Entertaining the Hopeful in Paris

Hope image

As many of you know (and are perhaps sick of hearing), I’m currently in the process of submitting the manuscript of my first novel to publishers.

With the time difference, I wake each morning and rush to check my emails (my inbox and my spam folder, because you never know), then I spend the rest of the morning trying not to be too disappointed.

I’m waiting for one of two things. Either, for a positive response from a publisher or, for enough time to pass that I can be sure they don’t want my book and move on to the next.

It’s emotionally exhausting, and on a good day I can be ambivalent about it, and on a bad day the lack of response can leave me tear-streaked and shivering in the foetal position in the corner.

But this week, I discovered a third option.

It was Friday, around 6pm, and I was strolling home from my last class in the 5th. It was cold, but not glove-worthy, and I was late, having lingered in the Gibert Joseph bookstore along the way. Bookstores for me are at once a source of immense joy and incomparable anxiety. Surrounded by row after row of bonafide books I feel as if I am the only person in the world who isn’t published. Other times, I spend embarrassingly long amounts of time imagining where my book would sit on the shelves.

This particular evening, I’d succumbed to my cookbook addiction and bought not one but four new tomes, which now swung heavily at my side. I was walking briskly, head down, crossing the Pont au Change towards the haven of my Right Bank studio, thinking, as ever, about my book. As I arrived at the end of the bridge, the Eiffel Tower appeared out of nowhere, bringing its hourly light dance with it.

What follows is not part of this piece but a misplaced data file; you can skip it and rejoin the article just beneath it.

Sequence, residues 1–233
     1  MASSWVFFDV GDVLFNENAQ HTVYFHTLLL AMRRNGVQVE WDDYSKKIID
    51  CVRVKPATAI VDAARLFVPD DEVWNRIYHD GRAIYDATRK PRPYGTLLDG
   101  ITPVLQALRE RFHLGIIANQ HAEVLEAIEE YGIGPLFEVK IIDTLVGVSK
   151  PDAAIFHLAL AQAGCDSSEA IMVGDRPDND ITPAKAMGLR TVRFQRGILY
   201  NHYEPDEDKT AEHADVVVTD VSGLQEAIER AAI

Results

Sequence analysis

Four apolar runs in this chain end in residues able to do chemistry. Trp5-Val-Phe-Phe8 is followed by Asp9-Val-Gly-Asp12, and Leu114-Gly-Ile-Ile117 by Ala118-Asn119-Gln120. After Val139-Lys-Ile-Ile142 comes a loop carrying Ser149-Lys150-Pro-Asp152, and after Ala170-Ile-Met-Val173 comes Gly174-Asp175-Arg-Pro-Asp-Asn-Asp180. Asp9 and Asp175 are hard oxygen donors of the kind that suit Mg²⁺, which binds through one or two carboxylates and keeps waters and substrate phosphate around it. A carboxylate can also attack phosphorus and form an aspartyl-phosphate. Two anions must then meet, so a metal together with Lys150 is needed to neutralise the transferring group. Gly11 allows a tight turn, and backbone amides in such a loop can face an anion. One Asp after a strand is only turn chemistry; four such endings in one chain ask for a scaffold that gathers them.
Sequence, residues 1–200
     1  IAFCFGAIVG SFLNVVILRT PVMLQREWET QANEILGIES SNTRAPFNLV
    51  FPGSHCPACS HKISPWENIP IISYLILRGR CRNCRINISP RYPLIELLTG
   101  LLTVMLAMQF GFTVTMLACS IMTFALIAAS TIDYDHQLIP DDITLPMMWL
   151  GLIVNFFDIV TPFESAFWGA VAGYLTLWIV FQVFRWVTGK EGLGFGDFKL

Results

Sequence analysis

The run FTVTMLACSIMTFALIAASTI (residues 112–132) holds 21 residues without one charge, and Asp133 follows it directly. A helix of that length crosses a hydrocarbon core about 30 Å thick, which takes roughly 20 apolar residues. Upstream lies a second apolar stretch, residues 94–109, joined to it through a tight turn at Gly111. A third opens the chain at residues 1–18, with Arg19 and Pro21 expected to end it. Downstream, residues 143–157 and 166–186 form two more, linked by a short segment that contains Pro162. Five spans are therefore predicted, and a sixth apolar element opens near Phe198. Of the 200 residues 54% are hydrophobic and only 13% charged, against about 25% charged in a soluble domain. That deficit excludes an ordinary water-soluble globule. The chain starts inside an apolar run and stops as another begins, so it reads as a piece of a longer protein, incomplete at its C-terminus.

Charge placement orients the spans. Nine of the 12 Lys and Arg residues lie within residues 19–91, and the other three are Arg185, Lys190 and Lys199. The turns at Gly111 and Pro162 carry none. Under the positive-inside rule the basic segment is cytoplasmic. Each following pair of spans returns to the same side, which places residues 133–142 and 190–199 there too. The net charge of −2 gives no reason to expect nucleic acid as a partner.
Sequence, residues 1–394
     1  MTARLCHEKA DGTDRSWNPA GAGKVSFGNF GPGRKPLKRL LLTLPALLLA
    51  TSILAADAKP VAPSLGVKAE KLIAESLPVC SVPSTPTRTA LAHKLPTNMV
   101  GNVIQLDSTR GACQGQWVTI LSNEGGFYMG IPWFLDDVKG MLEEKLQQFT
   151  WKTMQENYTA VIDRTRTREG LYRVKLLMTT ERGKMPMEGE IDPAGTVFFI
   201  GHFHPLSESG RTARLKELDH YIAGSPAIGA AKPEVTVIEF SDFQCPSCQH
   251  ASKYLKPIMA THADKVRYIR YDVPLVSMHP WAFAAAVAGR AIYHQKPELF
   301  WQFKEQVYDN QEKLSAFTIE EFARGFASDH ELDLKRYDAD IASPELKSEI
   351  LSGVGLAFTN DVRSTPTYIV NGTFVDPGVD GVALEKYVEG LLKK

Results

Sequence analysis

And I realised that while I wait for a reply that may never come, I can also entertain the hopeful.

I’m not sure if this happens to the rest of you, but I’ve noticed a pattern in my own life. Whenever a truly positive thought enters my head (e.g. ‘Today is a good hair day’ ‘Nice ankles!’ ‘Your writing is worthwhile’) I swiftly squash it with a heavier, much more powerful, negative equivalent. Being Australian goes a long way to explain this tendency; we are a nation who is culturally opposed to tall-poppyism, even when it exists only inside our own heads.

But this week I made a conscious decision to entertain the hopeful, when it comes. To allow the positive to sit, untarnished, unsquashed, unrebutted.

It might not bring me any closer to getting my book published, but it will make the wait all the more enjoyable.

Hope image courtesy of jarnott on Flickr.


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